“San Isidro” is the patron of the working classes, and on his day, people dress up as “chulapos” and “chulapas.” The “chulapos” is the identity of the working class in Madrid, which developed between the 18th and 19th centuries. So, how is his day linked with the national flower? In “San Isidro,” women wear a carnation because it is a flower that represents the love and passion they can share for the life of their partners. Here you can read more about traditional dresses in Spain.
If you are ever in Madrid for San Isidro, you should know which carnation to buy! I will tell the meanings below:
Two red carnations: married
Two white carnations: single
One red and one white carnation: in a relationship
Two red carnations and one white carnation: widow
One pink carnation: for little girls.
Flamenco female dancers also use red carnations to decorate their hair for the performance. I have to be honest; I couldn’t find enough information about why this flower is also chosen for Flamenco, but I have a pretty valid theory.
Flamenco is a very vibrant art. It is the music, the dance, and the lyrics, all of it transmit passion. And what better way to represent passion than with a flower that symbolizes love? I believe that red carnations were chosen as part of the costume because it carries the same symbolism as the art tries to transmit. Every single thing should express passion.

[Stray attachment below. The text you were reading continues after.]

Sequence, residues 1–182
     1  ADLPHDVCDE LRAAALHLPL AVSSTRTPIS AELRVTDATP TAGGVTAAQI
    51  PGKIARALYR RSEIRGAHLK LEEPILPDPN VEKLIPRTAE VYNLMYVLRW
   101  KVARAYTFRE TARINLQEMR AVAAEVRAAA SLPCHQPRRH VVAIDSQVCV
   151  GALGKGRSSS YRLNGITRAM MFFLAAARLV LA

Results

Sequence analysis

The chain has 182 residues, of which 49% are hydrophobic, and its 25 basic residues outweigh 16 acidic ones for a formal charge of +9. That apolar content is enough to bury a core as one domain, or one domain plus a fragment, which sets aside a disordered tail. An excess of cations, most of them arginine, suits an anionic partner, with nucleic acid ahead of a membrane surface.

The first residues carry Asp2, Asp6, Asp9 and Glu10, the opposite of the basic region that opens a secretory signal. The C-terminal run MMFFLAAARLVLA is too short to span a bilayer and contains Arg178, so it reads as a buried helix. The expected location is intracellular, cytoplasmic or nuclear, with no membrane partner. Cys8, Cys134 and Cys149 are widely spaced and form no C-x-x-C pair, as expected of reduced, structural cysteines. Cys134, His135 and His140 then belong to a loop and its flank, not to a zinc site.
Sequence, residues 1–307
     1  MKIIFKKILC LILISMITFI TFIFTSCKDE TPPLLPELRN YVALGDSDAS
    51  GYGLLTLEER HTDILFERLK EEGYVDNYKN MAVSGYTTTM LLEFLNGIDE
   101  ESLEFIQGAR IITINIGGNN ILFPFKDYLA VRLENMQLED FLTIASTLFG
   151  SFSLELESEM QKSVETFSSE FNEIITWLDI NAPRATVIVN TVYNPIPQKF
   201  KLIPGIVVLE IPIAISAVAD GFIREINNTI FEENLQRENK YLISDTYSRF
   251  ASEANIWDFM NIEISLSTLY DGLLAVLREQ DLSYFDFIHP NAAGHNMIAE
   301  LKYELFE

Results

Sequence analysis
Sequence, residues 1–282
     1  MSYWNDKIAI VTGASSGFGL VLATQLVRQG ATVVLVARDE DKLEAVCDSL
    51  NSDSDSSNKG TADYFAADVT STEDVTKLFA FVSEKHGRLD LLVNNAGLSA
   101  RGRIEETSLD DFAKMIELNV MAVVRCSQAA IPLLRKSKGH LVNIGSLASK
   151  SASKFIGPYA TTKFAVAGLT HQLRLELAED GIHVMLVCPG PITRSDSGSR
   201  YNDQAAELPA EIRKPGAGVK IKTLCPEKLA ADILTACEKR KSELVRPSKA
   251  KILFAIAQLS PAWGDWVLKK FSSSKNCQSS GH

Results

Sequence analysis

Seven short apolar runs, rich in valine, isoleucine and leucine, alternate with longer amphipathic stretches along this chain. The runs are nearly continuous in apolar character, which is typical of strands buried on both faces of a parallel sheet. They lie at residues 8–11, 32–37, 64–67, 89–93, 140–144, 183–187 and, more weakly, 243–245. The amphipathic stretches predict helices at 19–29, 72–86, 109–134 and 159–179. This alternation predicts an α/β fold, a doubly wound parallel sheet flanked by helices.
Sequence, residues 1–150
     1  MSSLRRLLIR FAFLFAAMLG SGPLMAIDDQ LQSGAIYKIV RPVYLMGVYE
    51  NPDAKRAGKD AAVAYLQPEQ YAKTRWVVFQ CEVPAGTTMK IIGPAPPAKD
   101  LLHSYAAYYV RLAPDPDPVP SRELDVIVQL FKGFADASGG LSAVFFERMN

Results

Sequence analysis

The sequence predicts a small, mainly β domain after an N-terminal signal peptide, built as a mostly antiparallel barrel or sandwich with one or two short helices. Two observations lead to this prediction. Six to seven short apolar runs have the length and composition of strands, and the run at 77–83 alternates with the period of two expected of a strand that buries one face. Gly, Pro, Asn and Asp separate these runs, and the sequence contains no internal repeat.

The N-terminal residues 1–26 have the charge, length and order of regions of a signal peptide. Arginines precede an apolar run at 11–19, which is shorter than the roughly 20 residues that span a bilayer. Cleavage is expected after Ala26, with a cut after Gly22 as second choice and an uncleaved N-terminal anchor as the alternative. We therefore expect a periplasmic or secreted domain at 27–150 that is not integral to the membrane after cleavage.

In addition, the petals of these flowers share the same flowy dynamic that characterizes a flamenco dress.
I guess there is not one but multiple factors that make the red carnations Spain’s national flower. I hope I didn’t disappoint you with this one. Certain things don’t have an exact date. Things just happen, like love!
Okay…that was super cheesy, but it is true. Life needs to keep some mysteries, and in this case, the real reason why the red carnation is the national flower of Spain doesn’t have an exact date. In this article, I talked about how Spanish people are (in fact) very passionate people. Well, once again, their national flower also represents an inherent characteristic of ours.
If you have any other details you want to add or an experience choosing the wrong carnation on San Isidro, let us know! We want to read you!
Inigo Navarro is a seasoned travel writer with a deep understanding of Spain's cities, culture, people and language. Born and raised in Spain, he has spent years exploring the country and is currently one of the most-read Travel Bloggers about Spain. Inigo is also an experienced digital marketer, a father to 4 beautiful children and a huge Real Madrid Fan. ¡Hala Madrid!